Let’s Talk Clovis: To All Those Born Before 1940

1938 Clovis High School students. The photo depicts the school dress code in the 1930s. (Courtesy of Clovis Museum)

Clovis Historian Nick Ubick lived to be 102 years old (1911-2013). He was a charter member of the Clovis Museum and was active in collecting and preserving the history of Clovis. We are grateful that his family donated a significant amount of his collection to the Museum.

The population of Clovis in 1930 was 1,314; 1940 1,626; and by 1950 2,766 citizens. Clovis High was located at 901 Fifth Street (now San Joaquin College of Law) a block from Old Town Clovis.

The photo depicts the 1938 Clovis High dress code of the day. Ankle length dresses and loafer shoes for the women and corduroy and Levi britches for the men. The britches were worn until the corduroy had deep creases and the Levi’s could stand up without support of the wearer.

Among Nick Ubick’s many papers, we found the following article (author not known). It truly reflects the life of those born prior to 1940. Enjoy.

“We were born before television, before penicillin, before Polio shots, frozen foods, Xerox, plastic, contact lenses, Frisbees and the Pill.

We were before radar, credit cards, split atoms, laser beams, and ballpoint pens, before pantyhose, dish washers, clothes dryers, electric blankets, air conditioners, drip-dry clothes, and before man walked on the moon.

We were really QUAINT people—-we got married first, then lived together.

In our time, closets were for closets, not for “coming out of”. Bunnies were small rabbits, and rabbits were not Volkswagens. Designer jeans were scheming girls named Jean or Jeannie, and having a meaningful relationship meant getting along well with our cousins.

We thought fast food was what you ate during Lent, and outer space was the back of the theatre.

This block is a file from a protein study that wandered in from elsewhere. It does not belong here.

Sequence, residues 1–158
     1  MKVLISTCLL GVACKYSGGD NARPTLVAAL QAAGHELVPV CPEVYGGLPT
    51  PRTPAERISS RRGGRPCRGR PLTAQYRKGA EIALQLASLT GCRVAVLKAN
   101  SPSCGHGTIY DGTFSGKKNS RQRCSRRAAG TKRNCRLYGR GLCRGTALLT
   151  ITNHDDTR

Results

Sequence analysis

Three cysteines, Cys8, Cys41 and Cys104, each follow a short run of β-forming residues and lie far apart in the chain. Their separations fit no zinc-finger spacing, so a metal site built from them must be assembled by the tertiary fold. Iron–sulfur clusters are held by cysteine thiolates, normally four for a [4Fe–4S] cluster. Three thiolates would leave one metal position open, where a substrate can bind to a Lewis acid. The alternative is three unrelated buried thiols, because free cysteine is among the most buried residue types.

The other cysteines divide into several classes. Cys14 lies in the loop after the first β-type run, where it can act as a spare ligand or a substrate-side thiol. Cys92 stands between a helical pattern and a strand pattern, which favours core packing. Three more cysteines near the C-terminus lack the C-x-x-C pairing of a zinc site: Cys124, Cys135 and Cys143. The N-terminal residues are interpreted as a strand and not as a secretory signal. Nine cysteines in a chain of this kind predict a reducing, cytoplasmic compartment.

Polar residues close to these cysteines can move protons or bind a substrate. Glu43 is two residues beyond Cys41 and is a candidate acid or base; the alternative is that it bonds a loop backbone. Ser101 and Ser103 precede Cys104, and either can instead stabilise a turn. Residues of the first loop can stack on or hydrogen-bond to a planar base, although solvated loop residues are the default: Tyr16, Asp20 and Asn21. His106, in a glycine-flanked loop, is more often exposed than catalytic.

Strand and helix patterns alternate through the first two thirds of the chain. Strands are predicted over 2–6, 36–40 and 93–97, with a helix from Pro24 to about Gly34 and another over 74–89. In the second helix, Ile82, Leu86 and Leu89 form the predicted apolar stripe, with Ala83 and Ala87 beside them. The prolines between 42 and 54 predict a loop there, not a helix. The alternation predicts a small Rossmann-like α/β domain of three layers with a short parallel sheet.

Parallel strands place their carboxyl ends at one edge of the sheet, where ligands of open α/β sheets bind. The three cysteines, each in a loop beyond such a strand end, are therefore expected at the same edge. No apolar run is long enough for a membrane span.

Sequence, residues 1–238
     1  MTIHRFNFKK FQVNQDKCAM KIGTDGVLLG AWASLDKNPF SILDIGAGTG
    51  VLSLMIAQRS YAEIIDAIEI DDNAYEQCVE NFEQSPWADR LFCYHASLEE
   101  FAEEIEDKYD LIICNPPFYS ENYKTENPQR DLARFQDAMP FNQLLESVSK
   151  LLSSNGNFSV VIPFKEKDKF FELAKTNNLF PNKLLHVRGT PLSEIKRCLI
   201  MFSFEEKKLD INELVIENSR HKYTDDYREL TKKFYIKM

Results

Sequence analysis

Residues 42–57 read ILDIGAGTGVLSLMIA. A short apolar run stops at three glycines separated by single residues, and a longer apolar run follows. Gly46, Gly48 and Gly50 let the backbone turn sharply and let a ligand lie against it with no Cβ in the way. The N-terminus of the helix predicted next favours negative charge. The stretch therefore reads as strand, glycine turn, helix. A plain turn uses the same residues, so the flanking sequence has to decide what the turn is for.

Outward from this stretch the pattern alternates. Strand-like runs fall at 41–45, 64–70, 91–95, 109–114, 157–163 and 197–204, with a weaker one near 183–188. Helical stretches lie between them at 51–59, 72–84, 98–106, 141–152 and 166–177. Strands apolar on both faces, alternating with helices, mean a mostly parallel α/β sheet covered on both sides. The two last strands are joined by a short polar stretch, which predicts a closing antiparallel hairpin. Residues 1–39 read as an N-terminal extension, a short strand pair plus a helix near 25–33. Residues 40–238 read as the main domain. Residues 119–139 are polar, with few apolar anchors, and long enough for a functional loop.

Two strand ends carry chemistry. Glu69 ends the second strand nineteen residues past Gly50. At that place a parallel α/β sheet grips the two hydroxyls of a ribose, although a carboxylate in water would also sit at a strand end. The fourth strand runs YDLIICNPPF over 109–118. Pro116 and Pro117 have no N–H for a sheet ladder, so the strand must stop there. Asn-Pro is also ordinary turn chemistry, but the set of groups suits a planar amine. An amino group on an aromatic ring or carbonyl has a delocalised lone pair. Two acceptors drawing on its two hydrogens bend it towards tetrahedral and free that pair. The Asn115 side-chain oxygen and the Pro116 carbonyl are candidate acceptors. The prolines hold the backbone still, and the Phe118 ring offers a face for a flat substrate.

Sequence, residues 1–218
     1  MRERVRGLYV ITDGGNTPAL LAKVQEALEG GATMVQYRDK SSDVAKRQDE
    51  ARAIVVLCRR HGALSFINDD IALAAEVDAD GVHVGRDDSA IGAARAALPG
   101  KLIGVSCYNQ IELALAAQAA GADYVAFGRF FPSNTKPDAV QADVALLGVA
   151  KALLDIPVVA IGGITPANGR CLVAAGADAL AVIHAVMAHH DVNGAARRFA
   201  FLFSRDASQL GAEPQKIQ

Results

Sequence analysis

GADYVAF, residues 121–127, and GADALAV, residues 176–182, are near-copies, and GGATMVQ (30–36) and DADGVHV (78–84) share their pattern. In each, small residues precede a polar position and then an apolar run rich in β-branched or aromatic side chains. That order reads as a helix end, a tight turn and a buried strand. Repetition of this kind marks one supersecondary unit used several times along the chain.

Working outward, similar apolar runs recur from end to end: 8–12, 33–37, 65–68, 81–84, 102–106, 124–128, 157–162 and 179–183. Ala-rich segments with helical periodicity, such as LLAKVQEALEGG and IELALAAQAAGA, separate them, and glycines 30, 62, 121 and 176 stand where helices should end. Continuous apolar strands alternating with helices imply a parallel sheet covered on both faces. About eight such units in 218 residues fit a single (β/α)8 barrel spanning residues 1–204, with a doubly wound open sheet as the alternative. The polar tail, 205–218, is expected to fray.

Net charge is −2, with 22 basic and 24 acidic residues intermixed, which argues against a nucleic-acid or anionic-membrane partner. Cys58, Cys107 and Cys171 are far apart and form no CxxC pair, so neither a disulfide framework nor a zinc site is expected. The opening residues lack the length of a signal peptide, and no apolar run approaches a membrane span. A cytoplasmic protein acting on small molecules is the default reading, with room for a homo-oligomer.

We were before house-husbands, gay rights, computer dating, dual careers, and commuter marriages. We were before day care centers, group therapy and nursing homes. We never heard of FM radio, tape decks, electric typewriters, artificial hearts, word processors, yogurt and guys wearing earrings. For us, time-sharing meant togetherness, not computers or even condominiums. A chip meant a piece of wood, hardware meant hardware, and software wasn’t even a word.

In 1940, “Made in Japan” meant junk and the term “making out” referred to how you did on your exam. Pizzas, McDonalds, and instant coffee were unheard of.

We hit the scene when there were 5-and-10 cent stores, where you bought things for five and ten cents. Skaggs and the corner drug store sold ice cream cones for a nickel or a dime. For one nickel you could ride a streetcar, make a phone call, buy a Pepsi or Coke or enough stamps to mail one letter and two postcards. You could buy a new Chevy coup for $600, but then who could afford one? A pity, too, because gasoline was 11 cents a gallon.

In our day, cigarette smoking was fashionable. GRASS was mowed, COKE was a cold drink, and POT was something you cooked in. Rock music was a grandma’s lullaby and AIDS were helpers in the principal’s office.

We were certainly not before the difference between the sexes was discovered but were surely before the sex change. (We made do with what we had). And we were the last generation that was so dumb as to think you needed a husband to have a baby!

It’s no wonder we are so confused and that there is such a generation gap today!! HOWEVER—–WE SURVIVED!!!!”

The population of Clovis is now 120,000 and growing. Those born prior to 1940 left us a rich heritage.

Peg Bos is the president of the Clovis Museum on 4th and Pollasky avenues in Old Town Clovis. She not only manages the museum but she also writes her Let's Talk Clovis column in our publication which features and highlight the amazing history of our city and culture. One fun fact about Peg Bos, she was the first female mayor of Clovis from 1984-86.